“If we want to transform this problem I think gardens are a great place to start. This garden is my piece of the solution to ending homelessness, because if we don’t have food sovereignty, we don’t have sovereignty. These folks are relying on the system for everything and it completely fails them over and over again.”
Maybelline John was one of the lucky ones. She kicked her amphetamine habit with help from 12 different agencies and is now off the streets, living in her own apartment. She said she had no choice but to quit drugs after losing her mother, brother and sister, all from overdoses in 2015, within 10 months of each other. Her five-year-old son provides more incentive for her to stay sober. They come by regularly to visit the Flats to see some familiar faces and check out the garden.
“It’s thriving and everybody’s going to come and get together when they harvest it, kind of like a potlatch deal,” John said. “There’s still a lot of people on the streets and some of them are waiting to get placed, but there’s chronic homelessness. They’re still outside and it should be taken care of. I think the city should build a hotel.”
Homelessness and drug abuse go hand-in-hand. Addicts spend their money on drugs instead of food and accommodations and lose their homes. Hanson has seen other cities build neighbourhoods of tiny houses to try to get people off the street but they also need a network of support to unplug themselves from the social welfare system and find self-sufficiency. Without it, tent cities will continue to blot city landscapes.
“When you take somebody off the streets and put them in a house, it’s a lot different living here than it is inside a home,” said Hanson. “We’re kind of like feral kitties and it’s hard to bring us together. You can’t just put people into housing and think they’re going to be successful. They have to be ready. It’s a different culture here than it is to be housed and you have to ease into it.”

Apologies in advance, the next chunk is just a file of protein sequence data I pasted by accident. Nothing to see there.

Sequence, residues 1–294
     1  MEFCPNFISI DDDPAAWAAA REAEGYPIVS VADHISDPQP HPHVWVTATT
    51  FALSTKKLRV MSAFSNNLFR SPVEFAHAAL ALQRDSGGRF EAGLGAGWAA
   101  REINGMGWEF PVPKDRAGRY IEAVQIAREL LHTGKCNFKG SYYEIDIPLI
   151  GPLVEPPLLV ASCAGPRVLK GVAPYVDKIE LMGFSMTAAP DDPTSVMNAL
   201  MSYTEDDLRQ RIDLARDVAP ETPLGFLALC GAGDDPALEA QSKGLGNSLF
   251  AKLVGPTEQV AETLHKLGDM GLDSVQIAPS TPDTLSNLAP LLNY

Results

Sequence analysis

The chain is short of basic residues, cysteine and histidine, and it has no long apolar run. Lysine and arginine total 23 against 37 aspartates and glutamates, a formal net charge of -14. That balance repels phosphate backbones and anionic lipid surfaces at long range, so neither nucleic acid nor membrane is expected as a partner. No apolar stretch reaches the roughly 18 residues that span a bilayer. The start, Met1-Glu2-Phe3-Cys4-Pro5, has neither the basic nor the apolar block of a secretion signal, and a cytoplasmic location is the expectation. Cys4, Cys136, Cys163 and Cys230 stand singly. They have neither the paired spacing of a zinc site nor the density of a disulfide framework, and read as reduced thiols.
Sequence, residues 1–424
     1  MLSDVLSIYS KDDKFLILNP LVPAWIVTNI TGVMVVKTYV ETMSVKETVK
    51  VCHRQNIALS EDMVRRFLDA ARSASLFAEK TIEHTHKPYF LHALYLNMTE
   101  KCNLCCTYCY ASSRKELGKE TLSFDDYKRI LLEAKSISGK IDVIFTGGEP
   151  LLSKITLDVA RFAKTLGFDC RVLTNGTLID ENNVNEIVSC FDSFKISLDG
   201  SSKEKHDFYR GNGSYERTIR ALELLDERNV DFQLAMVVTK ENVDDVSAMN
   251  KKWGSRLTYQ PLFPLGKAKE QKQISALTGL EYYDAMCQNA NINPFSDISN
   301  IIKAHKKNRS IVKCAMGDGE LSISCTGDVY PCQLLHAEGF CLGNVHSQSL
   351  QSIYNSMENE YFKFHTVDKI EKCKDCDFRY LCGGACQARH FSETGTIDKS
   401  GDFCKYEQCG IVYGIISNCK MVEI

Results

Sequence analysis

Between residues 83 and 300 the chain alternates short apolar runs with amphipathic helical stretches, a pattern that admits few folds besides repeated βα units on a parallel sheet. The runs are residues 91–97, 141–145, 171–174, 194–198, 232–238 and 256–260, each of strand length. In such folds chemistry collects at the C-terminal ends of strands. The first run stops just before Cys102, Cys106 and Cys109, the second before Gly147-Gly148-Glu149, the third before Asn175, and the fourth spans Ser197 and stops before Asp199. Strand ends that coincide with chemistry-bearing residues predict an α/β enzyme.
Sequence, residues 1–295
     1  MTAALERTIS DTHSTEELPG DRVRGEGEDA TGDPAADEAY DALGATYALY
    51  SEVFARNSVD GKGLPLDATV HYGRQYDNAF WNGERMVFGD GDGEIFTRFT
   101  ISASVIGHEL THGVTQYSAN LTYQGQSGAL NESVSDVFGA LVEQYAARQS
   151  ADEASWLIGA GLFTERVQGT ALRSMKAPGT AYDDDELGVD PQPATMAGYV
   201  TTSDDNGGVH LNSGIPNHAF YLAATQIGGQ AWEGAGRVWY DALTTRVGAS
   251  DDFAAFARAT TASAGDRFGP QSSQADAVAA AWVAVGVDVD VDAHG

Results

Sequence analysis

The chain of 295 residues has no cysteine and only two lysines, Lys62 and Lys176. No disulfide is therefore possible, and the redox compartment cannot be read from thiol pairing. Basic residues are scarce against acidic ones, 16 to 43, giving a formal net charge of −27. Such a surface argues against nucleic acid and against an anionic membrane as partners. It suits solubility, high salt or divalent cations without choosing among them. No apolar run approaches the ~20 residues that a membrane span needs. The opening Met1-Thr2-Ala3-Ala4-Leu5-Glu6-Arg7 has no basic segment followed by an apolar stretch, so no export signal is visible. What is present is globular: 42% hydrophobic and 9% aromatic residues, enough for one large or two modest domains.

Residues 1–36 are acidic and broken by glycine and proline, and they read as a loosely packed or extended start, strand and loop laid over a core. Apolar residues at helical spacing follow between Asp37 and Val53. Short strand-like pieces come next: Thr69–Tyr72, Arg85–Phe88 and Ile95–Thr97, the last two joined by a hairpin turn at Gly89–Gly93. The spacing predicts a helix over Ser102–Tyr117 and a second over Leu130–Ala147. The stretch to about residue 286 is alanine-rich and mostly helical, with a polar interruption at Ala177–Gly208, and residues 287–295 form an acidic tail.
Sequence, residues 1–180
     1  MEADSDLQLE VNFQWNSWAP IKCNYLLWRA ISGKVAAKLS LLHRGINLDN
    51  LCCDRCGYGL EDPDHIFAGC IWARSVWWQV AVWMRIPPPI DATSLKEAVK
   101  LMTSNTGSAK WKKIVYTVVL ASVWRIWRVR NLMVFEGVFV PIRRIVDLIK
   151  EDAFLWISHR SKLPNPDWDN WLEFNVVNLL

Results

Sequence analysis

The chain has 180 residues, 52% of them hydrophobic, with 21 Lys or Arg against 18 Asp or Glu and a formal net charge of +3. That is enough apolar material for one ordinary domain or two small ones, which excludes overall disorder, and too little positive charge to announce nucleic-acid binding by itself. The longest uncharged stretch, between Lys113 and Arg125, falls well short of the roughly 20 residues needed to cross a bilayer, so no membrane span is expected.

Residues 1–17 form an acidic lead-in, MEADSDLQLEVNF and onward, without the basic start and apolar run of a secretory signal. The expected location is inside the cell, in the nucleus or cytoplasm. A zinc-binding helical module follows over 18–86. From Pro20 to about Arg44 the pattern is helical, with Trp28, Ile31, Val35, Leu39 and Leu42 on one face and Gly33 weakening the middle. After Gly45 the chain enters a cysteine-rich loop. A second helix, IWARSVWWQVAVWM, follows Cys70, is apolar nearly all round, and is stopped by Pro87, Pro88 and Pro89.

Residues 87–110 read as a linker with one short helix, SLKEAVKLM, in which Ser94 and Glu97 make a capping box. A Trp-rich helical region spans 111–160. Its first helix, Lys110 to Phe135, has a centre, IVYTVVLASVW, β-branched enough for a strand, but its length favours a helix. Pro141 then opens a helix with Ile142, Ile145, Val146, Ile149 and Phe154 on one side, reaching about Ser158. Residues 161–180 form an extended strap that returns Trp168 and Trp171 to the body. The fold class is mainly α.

Made-in-Medicine-Hat homeless solution
Prince George residents and civic and provincial politicians need to be reminded that places like Moccasin Flats are not going away without interventions. To tackle the problem, Ottesen says the city should look at cities like Medicine Hat, which last year declared it had achieved functional zero homelessness, meaning there were no more than three people without permanent homes for three consecutive months.
The Alberta city of 65,000 discovered that by investing in socialized housing they are actually saving taxpayers money in reduced social, medical and policing costs. In Medicine Hat, the name of anybody who accesses a social service who lacks a fixed address is put into central list which tracks them and will provide them a permanent home within 10 days. There is no requirement for that individual to be sober or quit drugs to qualify for housing.
“Taxpayers pay $85,000-150,000 a year per homeless person but Medicine Hat has turned that around and they have figured out it only costs $27,000 a year to house someone,” said Ottesen. “These people cost far more broken than if you give them a fighting chance at a home. If you’re housed, you can get better and you can work on recovering. Addictions are there because you can’t cope with the reality of living, whether you’ve got trauma or past injury, and unless you get treatment that doesn’t change.”
Ottesen is hopeful, with a civic election coming in October, the new council will help drive positive change.
“I think we’ve had $3.5 million targeted for homelessness come to the city in the last two years and we still don’t have toilets, we still don’t have water, we don’t have a dumpster,” said Ottesen.
“It irritates the crap out of our downtown residents and the downtown businesses people and who do they hate? They don’t hate our civic leaders, they hate the homeless people. But if the homeless people were given some services they wouldn’t be pooping on the sidewalk. If they had hand-washing stations, maybe they could get a job. How do you get a job when you’re dirty and you’re thinking about where I’m going to poop and I don’t have a roof over my head.
“When government chooses to ignore the problem and not make any initiatives at all you have to wonder why.”